Sirunyan AM; Tumasyan A; Adam W; Asilar E; Bergauer T; Brandstetter J; Brondolin E; Dragicevic M; Erö J; Flechl M; Friedl M; Frühwirth R; Ghete VM; Hartl C; Hörmann N; Hrubec J; Jeitler M; König A; Krätschmer I; Liko D; Matsushita T; Mikulec I; Rabady D; Rad N; Rahbaran B; Rohringer H; Schieck J; Strauss J; Waltenberger W; Wulz CE; Dvornikov O; Makarenko V; Mossolov V; Suarez Gonzalez J; Zykunov V; Shumeiko N; Alderweireldt S; De Wolf EA; Janssen X; Lauwers J; Van De Klundert M; Van Haevermaet H; Van Mechelen P; Van Remortel N; Van Spilbeeck A; Abu Zeid S; Blekman F; D Hondt J; Daci N; De Bruyn I; Deroover K; Lowette S; Moortgat S; Moreels L; Olbrechts A; Python Q; Skovpen K; Tavernier S; Van Doninck W; Van Mulders P; Van Parijs I; Brun H; Clerbaux B; De Lentdecker G; Delannoy H; Fasanella G; Favart L; Goldouzian R; Grebenyuk A; Karapostoli G; Lenzi T; Léonard A; Luetic J; Maerschalk T; Marinov A; Randle-conde A; Seva T; Vander Velde C; Vanlaer P; Vannerom D; Yonamine R; Zenoni F; Zhang F; Cimmino A; Cornelis T; Dobur D; Fagot A; Gul M; Khvastunov I; Poyraz D; Salva S; Schöfbeck R; Tytgat M; Van Driessche W; Yazgan E; Zaganidis N; Bakhshiansohi H; Beluffi C; Bondu O; Brochet S (2017)

    Journal article
    University of Canterbury Library

    © 2017, CERN for the benefit of the CMS collaboration. The first measurement of the jet mass m jet of top quark jets produced in tt̄ events from pp collisions at s=8TeV is reported for the jet with the largest transverse momentum pT in highly boosted hadronic top quark decays. The data sample, collected with the CMS detector, corresponds to an integrated luminosity of 19.7 fb⁻¹. The measurement is performed in the lepton+jets channel in which the products of the semileptonic decay t → b W with W → ℓν where ℓ is an electron or muon, are used to select tt̄ events with large Lorentz boosts. The products of the fully hadronic decay t → b W with W → qq̄´are reconstructed using a single Cambridge–Aachen jet with distance parameter R= 1.2 , and p T > 400 GeV. The tt̄ cross section as a function of mjet is unfolded at the particle level and is used to test the modelling of highly boosted top quark production. The peak position of the mjet distribution is sensitive to the top quark mass mt , and the data are used to extract a value of mt to assess this sensitivity.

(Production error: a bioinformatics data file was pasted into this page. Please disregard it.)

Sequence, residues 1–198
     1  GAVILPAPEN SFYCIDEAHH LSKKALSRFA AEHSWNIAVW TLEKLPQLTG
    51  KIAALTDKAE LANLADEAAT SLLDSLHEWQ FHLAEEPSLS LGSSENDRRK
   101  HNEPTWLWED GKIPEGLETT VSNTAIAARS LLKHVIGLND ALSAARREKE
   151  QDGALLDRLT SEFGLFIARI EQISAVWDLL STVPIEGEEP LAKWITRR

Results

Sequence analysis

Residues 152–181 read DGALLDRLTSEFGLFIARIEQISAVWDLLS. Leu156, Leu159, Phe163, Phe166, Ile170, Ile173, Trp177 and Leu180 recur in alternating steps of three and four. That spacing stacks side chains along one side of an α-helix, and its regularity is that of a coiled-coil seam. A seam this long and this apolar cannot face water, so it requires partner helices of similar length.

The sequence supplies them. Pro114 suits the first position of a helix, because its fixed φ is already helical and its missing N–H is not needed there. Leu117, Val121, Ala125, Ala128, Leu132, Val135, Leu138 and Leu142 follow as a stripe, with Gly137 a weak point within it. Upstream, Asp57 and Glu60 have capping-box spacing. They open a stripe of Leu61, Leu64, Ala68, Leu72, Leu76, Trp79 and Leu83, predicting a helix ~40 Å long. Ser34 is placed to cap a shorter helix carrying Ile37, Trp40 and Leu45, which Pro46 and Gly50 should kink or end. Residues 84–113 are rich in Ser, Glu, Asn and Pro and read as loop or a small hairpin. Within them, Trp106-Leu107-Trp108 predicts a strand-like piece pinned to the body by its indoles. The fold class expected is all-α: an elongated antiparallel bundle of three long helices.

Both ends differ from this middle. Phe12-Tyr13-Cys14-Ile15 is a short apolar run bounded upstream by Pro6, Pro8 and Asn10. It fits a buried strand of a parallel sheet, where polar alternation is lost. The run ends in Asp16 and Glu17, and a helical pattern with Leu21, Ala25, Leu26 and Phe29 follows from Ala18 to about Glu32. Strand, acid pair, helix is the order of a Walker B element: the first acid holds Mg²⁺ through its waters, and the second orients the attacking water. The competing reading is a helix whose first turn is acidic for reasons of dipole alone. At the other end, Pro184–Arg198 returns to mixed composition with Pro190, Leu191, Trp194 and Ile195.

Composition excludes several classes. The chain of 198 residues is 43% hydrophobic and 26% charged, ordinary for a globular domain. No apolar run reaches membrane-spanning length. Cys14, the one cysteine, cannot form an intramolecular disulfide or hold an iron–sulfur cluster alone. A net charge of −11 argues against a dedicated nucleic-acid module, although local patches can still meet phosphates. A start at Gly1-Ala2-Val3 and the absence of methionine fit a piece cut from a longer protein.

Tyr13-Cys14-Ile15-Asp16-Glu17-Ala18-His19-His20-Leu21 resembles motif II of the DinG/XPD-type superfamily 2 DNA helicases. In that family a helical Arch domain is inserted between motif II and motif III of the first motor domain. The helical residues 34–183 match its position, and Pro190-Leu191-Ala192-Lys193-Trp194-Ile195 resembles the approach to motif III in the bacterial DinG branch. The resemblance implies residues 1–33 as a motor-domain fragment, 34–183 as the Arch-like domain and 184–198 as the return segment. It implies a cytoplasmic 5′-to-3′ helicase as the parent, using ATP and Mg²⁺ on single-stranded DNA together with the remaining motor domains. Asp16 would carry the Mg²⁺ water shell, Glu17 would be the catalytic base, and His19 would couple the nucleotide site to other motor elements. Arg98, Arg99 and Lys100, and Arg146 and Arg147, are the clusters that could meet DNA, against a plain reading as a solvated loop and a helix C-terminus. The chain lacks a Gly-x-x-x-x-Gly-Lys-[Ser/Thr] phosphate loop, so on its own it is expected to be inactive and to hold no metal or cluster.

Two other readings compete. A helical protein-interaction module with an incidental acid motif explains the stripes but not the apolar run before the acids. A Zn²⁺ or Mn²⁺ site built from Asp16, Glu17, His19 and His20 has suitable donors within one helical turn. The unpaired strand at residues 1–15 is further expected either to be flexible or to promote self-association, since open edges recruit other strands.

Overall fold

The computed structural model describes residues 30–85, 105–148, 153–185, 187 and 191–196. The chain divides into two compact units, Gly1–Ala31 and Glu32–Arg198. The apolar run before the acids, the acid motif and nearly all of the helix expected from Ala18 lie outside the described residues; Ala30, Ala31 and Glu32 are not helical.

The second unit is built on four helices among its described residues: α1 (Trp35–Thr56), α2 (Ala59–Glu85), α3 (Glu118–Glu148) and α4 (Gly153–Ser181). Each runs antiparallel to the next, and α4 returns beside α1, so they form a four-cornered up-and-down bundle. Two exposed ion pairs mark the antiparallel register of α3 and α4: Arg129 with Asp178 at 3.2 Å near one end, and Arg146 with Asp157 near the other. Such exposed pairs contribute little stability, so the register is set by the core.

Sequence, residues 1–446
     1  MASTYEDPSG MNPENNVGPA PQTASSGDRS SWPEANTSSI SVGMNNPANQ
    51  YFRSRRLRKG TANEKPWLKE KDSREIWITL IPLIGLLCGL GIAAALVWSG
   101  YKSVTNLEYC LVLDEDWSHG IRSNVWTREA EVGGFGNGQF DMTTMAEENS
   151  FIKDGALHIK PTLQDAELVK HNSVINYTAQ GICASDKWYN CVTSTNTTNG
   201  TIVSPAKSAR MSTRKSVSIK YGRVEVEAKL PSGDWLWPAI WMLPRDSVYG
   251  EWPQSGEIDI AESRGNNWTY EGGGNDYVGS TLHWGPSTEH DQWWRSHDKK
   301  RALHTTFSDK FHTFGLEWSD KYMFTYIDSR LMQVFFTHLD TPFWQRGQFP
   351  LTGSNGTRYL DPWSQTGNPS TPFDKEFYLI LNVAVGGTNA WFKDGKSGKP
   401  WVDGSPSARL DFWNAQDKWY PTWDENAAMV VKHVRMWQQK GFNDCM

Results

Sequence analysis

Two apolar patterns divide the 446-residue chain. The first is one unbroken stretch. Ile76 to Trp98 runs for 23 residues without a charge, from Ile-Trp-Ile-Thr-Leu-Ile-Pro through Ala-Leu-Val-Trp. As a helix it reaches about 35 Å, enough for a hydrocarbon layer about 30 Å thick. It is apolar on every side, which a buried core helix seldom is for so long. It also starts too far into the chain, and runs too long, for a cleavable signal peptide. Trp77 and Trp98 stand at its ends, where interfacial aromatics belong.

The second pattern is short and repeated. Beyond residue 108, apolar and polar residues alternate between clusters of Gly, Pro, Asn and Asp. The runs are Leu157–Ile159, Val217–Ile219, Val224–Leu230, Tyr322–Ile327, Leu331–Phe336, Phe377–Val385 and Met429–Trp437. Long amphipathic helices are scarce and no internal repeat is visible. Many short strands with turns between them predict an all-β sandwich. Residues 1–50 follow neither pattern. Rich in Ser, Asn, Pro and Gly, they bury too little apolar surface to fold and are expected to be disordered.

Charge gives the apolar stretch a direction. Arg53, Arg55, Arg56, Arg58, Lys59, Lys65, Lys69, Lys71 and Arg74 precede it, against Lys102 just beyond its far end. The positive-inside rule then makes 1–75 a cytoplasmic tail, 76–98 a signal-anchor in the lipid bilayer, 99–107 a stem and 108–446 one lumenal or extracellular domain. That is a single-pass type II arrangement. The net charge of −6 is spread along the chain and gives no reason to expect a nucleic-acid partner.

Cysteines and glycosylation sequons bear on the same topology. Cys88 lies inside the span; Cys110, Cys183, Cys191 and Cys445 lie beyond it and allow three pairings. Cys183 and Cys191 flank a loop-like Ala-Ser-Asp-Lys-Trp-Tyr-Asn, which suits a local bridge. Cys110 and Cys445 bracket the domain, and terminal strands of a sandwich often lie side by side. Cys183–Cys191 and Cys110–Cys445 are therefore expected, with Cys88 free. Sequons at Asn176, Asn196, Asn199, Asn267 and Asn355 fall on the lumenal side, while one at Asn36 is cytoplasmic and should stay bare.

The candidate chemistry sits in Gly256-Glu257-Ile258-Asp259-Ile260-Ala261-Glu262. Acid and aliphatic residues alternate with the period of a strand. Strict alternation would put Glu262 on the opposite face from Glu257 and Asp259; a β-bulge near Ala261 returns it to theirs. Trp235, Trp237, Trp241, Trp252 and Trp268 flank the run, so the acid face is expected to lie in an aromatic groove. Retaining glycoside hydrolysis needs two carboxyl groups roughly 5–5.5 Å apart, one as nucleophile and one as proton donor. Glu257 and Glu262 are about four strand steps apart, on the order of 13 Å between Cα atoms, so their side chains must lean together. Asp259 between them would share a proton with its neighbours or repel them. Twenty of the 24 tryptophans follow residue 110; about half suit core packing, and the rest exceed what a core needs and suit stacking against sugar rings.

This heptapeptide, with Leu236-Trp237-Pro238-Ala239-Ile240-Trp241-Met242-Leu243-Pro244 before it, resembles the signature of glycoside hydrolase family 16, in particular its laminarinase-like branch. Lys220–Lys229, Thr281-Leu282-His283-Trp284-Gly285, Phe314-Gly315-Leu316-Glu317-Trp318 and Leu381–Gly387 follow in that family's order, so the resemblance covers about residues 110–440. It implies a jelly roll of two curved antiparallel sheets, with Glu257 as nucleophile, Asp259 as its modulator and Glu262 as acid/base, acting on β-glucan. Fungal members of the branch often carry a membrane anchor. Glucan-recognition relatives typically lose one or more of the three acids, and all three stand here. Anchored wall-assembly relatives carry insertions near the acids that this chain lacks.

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  • No saturation in the accumulation of alien species worldwide

    Seebens, H.; Blackburn, T. M.; Dyer, E. E.; Genovesi, P.; Hulme, Philip E.; Jeschke, J. M.; Pagad, S.; Pyšek, P.; Winter, M.; Arianoutsou, M.; Bacher, S.; Blasius, B.; Brundu, G.; Capinha, C.; Celesti-Grapow, L.; Dawson, W.; Dullinger, S.; Fuentes, N.; Jäger, H.; Kartesz, J.; Kenis, M.; Kreft, H.; Kühn, I.; Lenzner, B.; Liebhold, A.; Mosena, A.; Moser, D.; Nishino, M.; Pearman, D.; Pergl, J.; Rabitsch, W.; Rojas-Sandoval, J.; Roques, A.; Rorke, S.; Rossinelli, S.; Roy, H. E.; Scalera, R.; Schindler, S.; Štajerová, K.; Tokarska-Guzik, B.; Van Kleunen, M.; Walker, K.; Weigelt, P.; Yamanaka, T.; Essl, F.